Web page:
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Andrew M. GreeleyJuly 04, 2005

Over The Edgeby Leo Bogart

Ivan R. Dee Publishers. 323p $27.50

The argument of Over the Edge is spelled out clearly in the subtitle: the media (film, television, computer games), driven by advertisers fixated on the importance of an audience of youthful consumers, has changed and corrupted American culture. In pushing the limits to attract the younger generation, the media feature (kind of ) explicit sex, violence and crude language. Sexual behavior, violence and the use of crude language have increased in American society. Therefore the media and the advertisers who pay the bills have changed American culture.

Over the Edge will provide useful homily material for those clerics, of whatever persuasion, who want to denounce the media and the consumerism, materialism, commodification, paganism, secularism, etc., etc. of American society. And Leo Bogart, a well-known cultural critic, provides abundant quotations that might be integrated into such homilies.

Unfortunately, his argument is almost certainly wrong or, at best, true in a very limited degree. It is a classic example of the “good old days” fallacy (also known as “the golden age” fallacy) mixed with the post hoc, propter hoc fallacy. To prove his argument, Mr. Bogart would have to establish that violence is on the rise in American society, that sexual misbehavior has increased and that Americans today use crude language more frequently than they used to. Having proved those changes, he would also have to prove that there are no other, more likely explanations of such changes.

I find it interesting that the author’s list of changes includes crude language alongside sex and violence. Four-letter words are not sins; they harm no one. They may not be appropriate in some times and places, but the Calvinist horror over them is hypocritical. Do American soldiers in Iraq “curse” more than those who fought in Vietnam or in the World Wars or the American Revolution? That is most unlikely. As one who grew up in a very Catholic neighborhood and attended a parochial school in the 1930’s and 1940’s, I can testify that we knew all those words and (some of us) used them even in the schoolyard. We also discussed sexual matters constantly, with perhaps somewhat less accuracy than would be the case today. Innocents we were not.

In fact, even if one takes into account the violence of drug traffickers, violence in American society—though still unconscionably excessive—has decreased since the baby boomers have grown out of the crime-prone segment of their life cycle. Moreover, there is no evidence that there is more child abuse or more rape than in earlier years; there is certainly more awareness, more outrage, more attempts to defend the victims or the potential victims, yes. But these phenomena would suggest that social change is positive rather than not. (There was an abusing priest who visited our parish back in the old days, too.)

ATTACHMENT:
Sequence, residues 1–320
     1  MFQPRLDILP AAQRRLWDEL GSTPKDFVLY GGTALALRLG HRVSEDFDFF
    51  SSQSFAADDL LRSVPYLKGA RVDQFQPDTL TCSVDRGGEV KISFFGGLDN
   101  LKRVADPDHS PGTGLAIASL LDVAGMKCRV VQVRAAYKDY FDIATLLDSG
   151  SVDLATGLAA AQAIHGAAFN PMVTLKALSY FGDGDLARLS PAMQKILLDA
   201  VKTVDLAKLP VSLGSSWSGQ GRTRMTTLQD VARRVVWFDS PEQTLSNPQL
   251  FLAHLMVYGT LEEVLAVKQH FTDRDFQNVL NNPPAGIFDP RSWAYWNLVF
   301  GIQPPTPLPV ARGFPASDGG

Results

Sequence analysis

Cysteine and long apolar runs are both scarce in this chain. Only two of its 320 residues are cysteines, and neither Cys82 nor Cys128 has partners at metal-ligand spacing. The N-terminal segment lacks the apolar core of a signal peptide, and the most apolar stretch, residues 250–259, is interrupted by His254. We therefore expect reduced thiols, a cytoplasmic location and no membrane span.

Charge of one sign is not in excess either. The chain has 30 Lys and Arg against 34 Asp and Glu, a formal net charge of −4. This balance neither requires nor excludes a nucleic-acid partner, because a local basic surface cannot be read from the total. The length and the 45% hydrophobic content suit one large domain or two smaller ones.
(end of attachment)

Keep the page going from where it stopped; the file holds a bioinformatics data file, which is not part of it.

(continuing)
More sex? Perhaps among the young and among the unmarried, and among the old. A more likely explanation, however, would suggest that availability of appropriate drugs to fend off pregnancy or to keep sexual desire alive in the senior years ought to be considered before one blames Hollywood. My impression is that my generation coped with the violent hormones of adolescence by “petting” instead of engaging in intercourse. Certainly none of the studies of adult sexual behavior suggest that Americans are having sex more often or enjoying it more.

My colleague Robert Michael developed an econometric model to account for the increase in divorce in the late 1970’s, one that also predicted correctly when the increase would level off. The key variables were the availability of jobs and of fertility control among American women.

The social scientist searches for explanations in technology before he searches for sweeping (and deep, to use one of Mr. Bogart’s favorite words) cultural change. Evidence that TV addiction leads to violence and/or sex—holding constant the relevant psychological variables—is hard to come by. The sexual hormones of adolescence and the testosterone-driven male propensity to settle an argument with a fight have always been with us, designed as they are to keep the species in existence.

I do not propose to defend the media. Such creations as “The Sopranos,” “Sex and the City” and the carefully crafted “reality” shows are disgraceful. Parents have every right to protect their children from such programming. However, if they are worried about sex, violence and four-letter words, the best education is parental good example, perhaps the only one that really works.

One should also consider the positive changes in American culture: decline in racial discrimination, more tolerance for homosexuals, more opposition to war (not enough, alas), more respect for the rights of women, more concern for civil liberties (except in the present administration), greater inclination to volunteer service (the highest in the world), larger charitable donations (except among Catholics).

Mr. Bogart writes smoothly, so smoothly that one can readily be taken in by his argument that the media are responsible for the alleged deterioration of American culture since the “good old days.” The golden age fallacy is always seductive, but it usually isn’t true.

It could be that this is a better time than the era between 1935 and 1950. Perhaps these are the good old days. My contemporaries generally disagree. But that’s because they have poor memories for what it was like when we were young.

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